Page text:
Tag Archives: hairy bitter cress

365 Frankendael day 240

This is my last post from Amsterdam for a little while. If you see any herbs in the city, which you would like to photograph and email to me, then please feel free to do so. I’d really like to keep this project alive whilst I’m away – to show that there really are edible and medicinal herbs growing in cities like Amsterdam, every day of the year.

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Here is a young Hollyhock plant, spring up most likely from seeds shred from nearby plants.

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Here is Hairy bitter cress, it makes a tasty peppery addition to winter salads or is very nutritious when lightly cooked a leafy vegetable.

365 Frankendael day 217

There are still Ginkgo fruit/nuts falling ripe from street trees in Amsterdam.

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Here’s some tasty and nourishing Hairy Bitter Cress, harvested from a roof terrace pot today. This wild food plant should be available right into the winter. It makes a welcome, peppery addition to a meal.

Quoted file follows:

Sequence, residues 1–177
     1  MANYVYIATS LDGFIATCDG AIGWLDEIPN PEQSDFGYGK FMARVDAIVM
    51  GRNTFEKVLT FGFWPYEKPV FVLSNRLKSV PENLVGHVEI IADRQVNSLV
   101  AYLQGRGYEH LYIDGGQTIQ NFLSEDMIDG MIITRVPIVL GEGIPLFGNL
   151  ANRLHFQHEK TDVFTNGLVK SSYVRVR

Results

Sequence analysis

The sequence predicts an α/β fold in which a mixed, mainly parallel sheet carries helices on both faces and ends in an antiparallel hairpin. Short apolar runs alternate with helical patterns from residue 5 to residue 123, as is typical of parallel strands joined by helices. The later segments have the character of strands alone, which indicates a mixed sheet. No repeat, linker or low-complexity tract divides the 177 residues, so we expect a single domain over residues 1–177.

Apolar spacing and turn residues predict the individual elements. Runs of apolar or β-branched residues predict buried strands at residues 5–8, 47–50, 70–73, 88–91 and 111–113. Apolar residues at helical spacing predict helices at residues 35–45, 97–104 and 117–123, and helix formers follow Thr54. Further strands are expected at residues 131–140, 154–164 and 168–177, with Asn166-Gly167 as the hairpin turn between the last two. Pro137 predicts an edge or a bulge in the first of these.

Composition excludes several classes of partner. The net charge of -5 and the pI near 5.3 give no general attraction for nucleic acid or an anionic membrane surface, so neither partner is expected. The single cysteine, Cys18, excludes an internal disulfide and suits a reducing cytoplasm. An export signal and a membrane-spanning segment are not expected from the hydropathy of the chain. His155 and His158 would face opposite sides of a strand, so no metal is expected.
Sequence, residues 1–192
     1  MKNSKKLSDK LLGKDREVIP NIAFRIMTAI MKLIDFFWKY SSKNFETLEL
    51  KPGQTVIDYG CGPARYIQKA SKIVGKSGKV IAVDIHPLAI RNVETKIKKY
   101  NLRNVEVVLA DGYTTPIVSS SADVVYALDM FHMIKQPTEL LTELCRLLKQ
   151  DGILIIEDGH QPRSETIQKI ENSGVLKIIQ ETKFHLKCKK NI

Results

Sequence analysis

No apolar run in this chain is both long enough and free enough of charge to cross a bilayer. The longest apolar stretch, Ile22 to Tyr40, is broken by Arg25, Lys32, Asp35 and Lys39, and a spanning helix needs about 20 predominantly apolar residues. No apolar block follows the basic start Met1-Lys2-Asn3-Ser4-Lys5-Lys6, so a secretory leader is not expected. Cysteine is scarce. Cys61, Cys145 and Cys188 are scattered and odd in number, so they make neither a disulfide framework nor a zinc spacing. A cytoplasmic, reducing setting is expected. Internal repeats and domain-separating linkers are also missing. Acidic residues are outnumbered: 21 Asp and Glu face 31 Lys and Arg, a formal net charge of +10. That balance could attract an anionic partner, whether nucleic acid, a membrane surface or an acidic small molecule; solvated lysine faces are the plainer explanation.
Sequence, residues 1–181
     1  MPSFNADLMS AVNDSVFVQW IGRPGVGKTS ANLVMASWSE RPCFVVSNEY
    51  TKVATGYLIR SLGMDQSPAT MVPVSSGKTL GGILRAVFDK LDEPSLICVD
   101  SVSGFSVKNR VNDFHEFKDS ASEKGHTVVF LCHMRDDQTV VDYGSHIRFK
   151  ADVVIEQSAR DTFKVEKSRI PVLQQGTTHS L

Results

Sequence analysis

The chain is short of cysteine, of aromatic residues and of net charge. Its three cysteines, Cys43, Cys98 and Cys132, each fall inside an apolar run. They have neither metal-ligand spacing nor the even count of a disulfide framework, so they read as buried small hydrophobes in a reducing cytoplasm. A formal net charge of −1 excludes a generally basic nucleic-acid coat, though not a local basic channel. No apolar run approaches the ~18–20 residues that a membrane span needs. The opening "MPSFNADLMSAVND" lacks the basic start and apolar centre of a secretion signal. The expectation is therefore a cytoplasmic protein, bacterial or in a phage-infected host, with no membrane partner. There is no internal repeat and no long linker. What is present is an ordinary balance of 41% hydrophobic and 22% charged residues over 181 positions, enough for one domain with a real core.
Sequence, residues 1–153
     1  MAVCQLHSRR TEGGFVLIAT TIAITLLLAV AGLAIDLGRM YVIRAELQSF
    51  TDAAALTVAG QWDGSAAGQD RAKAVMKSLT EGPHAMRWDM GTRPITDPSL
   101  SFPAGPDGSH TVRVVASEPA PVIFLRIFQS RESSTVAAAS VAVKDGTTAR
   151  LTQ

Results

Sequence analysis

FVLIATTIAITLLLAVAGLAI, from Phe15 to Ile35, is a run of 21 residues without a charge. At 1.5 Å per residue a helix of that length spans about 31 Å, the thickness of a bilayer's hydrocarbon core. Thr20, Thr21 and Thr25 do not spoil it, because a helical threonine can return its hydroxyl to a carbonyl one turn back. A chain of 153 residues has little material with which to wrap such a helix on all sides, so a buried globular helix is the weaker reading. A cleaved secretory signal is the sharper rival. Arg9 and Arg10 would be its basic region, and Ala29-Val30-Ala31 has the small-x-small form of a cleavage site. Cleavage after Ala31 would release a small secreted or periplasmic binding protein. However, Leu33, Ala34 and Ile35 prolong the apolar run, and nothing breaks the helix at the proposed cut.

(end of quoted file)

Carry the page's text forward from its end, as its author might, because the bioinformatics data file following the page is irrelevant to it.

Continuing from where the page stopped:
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Here is Greater Celandine, its toxic orange milky sap can be a useful remedy for marks on the skin, such as small benign growths.

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Hairy bittercress – A free lunch

 

I did a spot of roof gardening this morning and was very pleased to find this herb growing in a neglected plant pot. It’s thought of as weed by most and yet it’s providing at least two services here; covering lots of surface soil thus acting as a green mulch and also it’s soon to be part of my food!  Hairy bittercress (Cardamine hirsuta) spreads readily by seed and is very successful at monopolising open ground. According to Wikipedia it can be quite a nuisance in lawns, in fact there are many articles on the internet dedicated to eradicating this plant. What a waste, it tastes so good and I’d prefer a useful mixed “weed” lawn to a monoculture of grass any day! It’s very welcome in my plant pots, I’d also say it’s non-invasive in this situation as it’s very easy to pull out completely when you need to.

Hairy bitter cress is part of the brassica/mustard family and is often confused with chickweed. Although it’s habit of growing out like a star from it’s base, it’s flowers and of course the hairs, are quite different from chickweed. Both are annuals. In any case, confusing it with chickweed may be a good way to get to know it. Both are useful and nutritious, full of vitamins and minerals, tasting peppery and great additions to salad.

I’ll let these come on for a few more days in the plant pot before harvesting the strongest plants and rehousing the others.